# Evaluation of $\beta$-Reduction with Parentheses in $\lambda$-Calculus

I'm studying $$\lambda$$-calculus, and had a question regarding an exercise I came across. I understand that $$\lambda$$-calculus uses three main strategies of evaluation, but I'm having trouble applying it. Specifically $$\beta$$-reduction.

For example, for $$1 + 2$$:

\begin{align} 1 + 2 & = \lambda n.\lambda m.\lambda s. \lambda z. m\ s\ (n\ s\ z)\ 1\ 2 \\ & = \lambda s. \lambda z.\ 2\ s\ (1\ s\ z) \\ & = \lambda s. \lambda z.\ 2\ s\ ((\lambda s. \lambda z.s\ z)\ s\ z) \\ & = \lambda s. \lambda z.\ 2\ s \ (s\ z) \\ & = \lambda s. \lambda z.(\lambda s. \lambda z. (s\ (s\ z))\ s\ (s\ z) \\ & = \lambda s. \lambda z.s\ (s\ (s\ z)) \\ & = 3 \end{align}

The particular part that I'm having trouble understanding is the $$\beta$$-reduction at the last step before deriving the final $$\lambda$$ expression. More specifically, how $$\lambda s.\lambda z. (s\ (s\ z))\ s\ (s\ z)$$ reduces to $$s\ (s\ (s\ z))$$.

My understanding is that in order to perform $$\beta$$-reduction, we need to identify redexes of the form $$(\lambda x.e_1)\ e_2$$. Using this understanding, my initial approach would be:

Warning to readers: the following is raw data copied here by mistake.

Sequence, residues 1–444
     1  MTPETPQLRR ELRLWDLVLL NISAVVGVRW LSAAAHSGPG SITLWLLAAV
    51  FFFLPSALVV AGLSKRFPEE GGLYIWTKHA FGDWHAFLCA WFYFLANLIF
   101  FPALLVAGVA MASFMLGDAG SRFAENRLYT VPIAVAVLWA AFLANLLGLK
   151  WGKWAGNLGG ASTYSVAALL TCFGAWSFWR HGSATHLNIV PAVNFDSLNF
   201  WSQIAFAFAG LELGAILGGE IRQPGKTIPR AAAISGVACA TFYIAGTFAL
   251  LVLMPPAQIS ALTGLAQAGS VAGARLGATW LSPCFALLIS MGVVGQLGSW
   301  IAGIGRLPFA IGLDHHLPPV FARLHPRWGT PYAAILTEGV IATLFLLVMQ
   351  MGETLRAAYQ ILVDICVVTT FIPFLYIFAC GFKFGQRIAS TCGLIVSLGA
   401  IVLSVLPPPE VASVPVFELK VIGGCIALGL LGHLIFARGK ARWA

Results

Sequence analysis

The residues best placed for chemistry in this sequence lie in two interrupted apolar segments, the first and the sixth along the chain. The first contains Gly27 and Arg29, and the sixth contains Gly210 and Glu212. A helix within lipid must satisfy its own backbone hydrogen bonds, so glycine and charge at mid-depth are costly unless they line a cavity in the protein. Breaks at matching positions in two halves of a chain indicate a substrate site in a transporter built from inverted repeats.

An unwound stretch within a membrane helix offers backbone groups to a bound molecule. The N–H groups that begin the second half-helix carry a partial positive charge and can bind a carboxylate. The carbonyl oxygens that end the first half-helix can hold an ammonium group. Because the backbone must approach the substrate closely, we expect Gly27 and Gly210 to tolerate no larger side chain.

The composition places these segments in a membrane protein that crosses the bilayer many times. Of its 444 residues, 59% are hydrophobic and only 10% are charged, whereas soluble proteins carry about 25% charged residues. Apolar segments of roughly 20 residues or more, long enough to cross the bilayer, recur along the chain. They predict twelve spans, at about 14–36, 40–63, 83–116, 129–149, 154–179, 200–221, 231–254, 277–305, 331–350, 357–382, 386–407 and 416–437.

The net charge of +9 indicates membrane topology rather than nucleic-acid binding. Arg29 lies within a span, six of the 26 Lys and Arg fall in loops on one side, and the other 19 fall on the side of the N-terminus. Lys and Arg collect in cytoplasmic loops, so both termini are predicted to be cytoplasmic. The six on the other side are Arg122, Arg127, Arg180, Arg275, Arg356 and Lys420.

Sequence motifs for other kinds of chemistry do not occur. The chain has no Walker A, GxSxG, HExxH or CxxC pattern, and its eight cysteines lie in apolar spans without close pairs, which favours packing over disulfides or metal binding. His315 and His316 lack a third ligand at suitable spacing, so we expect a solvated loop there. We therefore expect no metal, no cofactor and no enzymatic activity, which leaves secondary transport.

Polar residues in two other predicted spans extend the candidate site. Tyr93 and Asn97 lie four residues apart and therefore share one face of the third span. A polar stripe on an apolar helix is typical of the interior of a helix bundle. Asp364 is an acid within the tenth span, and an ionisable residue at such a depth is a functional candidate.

\begin{align} \lambda s. \lambda z. (s\ (s\ z))\ s\ (s\ z) & = [\lambda s. \lambda z. (s\ (s\ z))\ s]_{redex}\ (s\ z) \\ & = \lambda z. (s\ (s\ z))\ (s\ z) \\ & = [\lambda z. (s\ (s\ z))\ s]_{redex}\ z \\ & = s\ (s\ (s\ z)) \end{align} Is my approach correct? If so, is it valid for me to drop the parentheses arbitrarily as I did in the third line?

You are missing one important pair of parentheses, around an expression for $$2$$. It should be $$\bigl(\lambda s. \lambda z. (s\ (s\ z))\bigr)\ s\ (s\ z)$$ Then we reduce by replacing $$s$$ with $$s$$ and $$z$$ with $$(s\ z)$$, obtaining $$(s\ (s\ (s\ z)))$$

On the other hand, $$\lambda s. \lambda z. (s\ (s\ z))\ s\ (s\ z)$$ doesn’t reduce any further because it has no redex. It is just a $$\lambda$$-abstraction with variables $$s,z$$ and body $$(s\ (s\ z))\ s\ (s\ z)$$. Abstraction always goes as far right as possible.

Generally, when we have a name for expression (e.g. $$2$$, $$myexp$$,...) within some larger expression, we must surround it with parentheses when we expand it to its true lambda form, to avoid confusion regarding applications.
Just like you did with $$1$$ in the third row.

You can explore $$\lambda$$-calculus reductions, test your ideas and see how various expressions are implemented with this interpreter.

• Hi! Thanks for the answer and the Github repo, I'll make good use of it. Just for confirmation, then when we add the needed set of parentheses, does that mean we for $2$, $e_2$ would correspond to $s\ (s\ z)$? Since abstraction goes as far right as possible. – Seankala Dec 19 '18 at 1:34
• I think I don’t understand what are you asking specifically, but for abstraction “to go as far right as possible” simply means it takes everything right from the ‘.’ into its body, until the parentheses that encloses it, or the end of expression if there are no parentheses around it. – Sandro Lovnički Dec 19 '18 at 9:24